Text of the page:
In addition to his contributions on the field, Pierre was one of the most prepared and professional players to come through the Phillies’ clubhouse in years. He never took a play off. If Pierre wants to stay in baseball after his playing days, some organization would be wise to hire him to mentor young players on the art of being a big-leaguer. The guy has a baseball IQ that is off the charts and excellent people skills. Future manager? You heard it here first.

Despite Pierre’s contribution in 2012, the Phillies face a tough decision regarding the 35-year-old’s future. There are indications that the team would like to add more of a power bat in left field. Pierre also hits left-handed on a team that is heavy in left-handed bats. The heart says bring Pierre back, but the head says the Phillies may go in a different direction.

Pierre has been incredibly consistent over the last three seasons and has averaged 150 games per season in that span. He would certainly give the team such much needed speed, would be a better leadoff hitter than Andres Torres, and fills a need in the outfield. He’s just a slap-hitting, singles guy with the occasional triple, but he still does a good job of rattling a pitcher’s concentration and can lay down a bunt. He’s a great contact hitter and averages only 38 strikeouts a season in his career. The fact that he knows the game and has great fundamentals won’t hurt either especially if it rubs off on some of the other players.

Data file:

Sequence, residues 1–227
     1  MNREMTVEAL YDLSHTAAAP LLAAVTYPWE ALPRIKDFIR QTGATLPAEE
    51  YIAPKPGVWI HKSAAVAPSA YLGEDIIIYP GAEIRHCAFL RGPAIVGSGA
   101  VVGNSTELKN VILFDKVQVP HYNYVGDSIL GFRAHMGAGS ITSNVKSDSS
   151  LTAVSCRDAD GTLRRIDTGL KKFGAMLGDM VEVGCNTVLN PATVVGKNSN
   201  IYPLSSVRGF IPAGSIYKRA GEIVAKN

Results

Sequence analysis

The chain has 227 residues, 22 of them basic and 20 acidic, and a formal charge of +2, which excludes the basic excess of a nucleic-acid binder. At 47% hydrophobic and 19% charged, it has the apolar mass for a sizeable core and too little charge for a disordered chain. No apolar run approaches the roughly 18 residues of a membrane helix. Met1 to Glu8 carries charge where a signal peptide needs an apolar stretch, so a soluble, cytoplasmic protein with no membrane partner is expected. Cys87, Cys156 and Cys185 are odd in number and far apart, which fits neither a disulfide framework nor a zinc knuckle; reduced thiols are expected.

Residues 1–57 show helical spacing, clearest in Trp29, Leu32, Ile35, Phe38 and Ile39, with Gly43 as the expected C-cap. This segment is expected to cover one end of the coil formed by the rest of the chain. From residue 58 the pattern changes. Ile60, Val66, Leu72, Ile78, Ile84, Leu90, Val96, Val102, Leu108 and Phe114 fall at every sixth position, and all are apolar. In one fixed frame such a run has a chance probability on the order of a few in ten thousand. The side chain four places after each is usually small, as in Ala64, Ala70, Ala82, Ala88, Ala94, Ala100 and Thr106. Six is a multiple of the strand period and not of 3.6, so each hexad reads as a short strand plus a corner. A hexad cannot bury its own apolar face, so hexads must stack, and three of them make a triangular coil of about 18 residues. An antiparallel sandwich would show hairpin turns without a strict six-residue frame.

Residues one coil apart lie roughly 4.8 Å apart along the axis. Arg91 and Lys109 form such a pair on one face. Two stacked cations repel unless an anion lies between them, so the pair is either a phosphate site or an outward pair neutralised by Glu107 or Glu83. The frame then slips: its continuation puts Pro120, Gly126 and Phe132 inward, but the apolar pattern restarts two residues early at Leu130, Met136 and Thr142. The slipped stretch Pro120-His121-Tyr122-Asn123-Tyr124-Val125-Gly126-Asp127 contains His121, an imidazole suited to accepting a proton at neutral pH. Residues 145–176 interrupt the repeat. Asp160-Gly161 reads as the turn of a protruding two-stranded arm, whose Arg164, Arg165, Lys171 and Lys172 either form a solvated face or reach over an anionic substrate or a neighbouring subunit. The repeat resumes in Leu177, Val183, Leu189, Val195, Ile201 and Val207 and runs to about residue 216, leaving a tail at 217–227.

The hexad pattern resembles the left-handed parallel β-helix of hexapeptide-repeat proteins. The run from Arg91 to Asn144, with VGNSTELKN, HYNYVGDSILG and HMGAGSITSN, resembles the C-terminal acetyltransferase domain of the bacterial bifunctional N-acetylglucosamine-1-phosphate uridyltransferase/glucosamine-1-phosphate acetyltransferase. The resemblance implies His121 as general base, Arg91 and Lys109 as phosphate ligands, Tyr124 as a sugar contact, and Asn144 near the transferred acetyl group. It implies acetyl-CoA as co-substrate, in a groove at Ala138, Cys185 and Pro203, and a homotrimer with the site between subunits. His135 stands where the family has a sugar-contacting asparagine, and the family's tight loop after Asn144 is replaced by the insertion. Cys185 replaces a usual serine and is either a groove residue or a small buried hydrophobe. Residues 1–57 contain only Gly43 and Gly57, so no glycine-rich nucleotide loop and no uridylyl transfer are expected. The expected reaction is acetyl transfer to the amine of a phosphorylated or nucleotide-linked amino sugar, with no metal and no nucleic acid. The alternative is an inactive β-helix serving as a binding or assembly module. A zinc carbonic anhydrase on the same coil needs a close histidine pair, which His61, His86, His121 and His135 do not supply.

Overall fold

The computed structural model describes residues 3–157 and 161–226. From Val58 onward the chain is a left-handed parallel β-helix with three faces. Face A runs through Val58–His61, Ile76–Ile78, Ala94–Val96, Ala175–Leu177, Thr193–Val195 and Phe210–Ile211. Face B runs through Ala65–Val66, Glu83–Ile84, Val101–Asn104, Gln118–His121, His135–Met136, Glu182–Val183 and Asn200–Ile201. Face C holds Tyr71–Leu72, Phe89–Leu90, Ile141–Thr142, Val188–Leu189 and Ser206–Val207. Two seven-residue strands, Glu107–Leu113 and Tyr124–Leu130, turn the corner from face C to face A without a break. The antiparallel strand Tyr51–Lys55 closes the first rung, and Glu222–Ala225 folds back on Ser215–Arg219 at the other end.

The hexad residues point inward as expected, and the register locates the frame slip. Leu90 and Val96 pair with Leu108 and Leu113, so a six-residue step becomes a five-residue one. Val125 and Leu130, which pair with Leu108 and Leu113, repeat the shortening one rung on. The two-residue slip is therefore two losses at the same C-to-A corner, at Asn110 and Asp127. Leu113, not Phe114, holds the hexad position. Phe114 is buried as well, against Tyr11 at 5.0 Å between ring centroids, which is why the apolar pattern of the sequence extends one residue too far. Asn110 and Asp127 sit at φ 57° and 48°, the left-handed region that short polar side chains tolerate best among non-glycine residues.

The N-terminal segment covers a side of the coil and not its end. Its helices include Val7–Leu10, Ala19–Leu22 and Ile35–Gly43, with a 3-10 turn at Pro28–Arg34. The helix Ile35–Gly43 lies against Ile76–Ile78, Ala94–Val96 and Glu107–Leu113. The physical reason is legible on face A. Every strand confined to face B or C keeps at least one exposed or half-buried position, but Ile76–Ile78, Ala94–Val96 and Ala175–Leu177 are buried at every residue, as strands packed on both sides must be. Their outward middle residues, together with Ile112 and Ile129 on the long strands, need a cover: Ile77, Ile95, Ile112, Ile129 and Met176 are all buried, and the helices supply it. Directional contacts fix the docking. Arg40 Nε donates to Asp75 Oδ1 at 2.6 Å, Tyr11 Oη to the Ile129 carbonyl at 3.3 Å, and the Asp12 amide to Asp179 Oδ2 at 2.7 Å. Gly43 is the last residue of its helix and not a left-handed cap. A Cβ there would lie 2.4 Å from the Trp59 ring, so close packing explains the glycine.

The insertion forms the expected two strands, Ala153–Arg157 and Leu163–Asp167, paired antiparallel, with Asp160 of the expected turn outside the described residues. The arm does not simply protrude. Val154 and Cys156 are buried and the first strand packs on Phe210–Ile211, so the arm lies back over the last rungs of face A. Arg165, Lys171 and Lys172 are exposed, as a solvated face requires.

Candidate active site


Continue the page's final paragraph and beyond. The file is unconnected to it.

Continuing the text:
Oct 21

2012 Mets Player Review: Matt Harvey

MATT HARVEY, RHP 

 PRESEASON EXPECTATIONS: The expectations of Matt Harvey were minimal for this summer. The Mets’ 2010 first-round pick out of North Carolina – and the seventh choice overall – was to continue his development in the minor leagues. The best-case scenario had him continuing his development at Triple-A Buffalo and join the Mets as a September call-up, when he would make two or three starts to give the big club an idea of whether he would fit into their plans for 2013. Even when the Mets’ rotation started to crumble, the talk was he wasn’t ready and GM Sandy Alderson didn’t want to rush him to the major league level. The scouting report on the 23-year-old Harvey was he had a plus-fastball, good secondary pitches and the ability to keep his composure on the mound. At similar points in their careers, Harvey was rated ahead of Mike Pelfrey, the Mets’ first-round pick in 2005.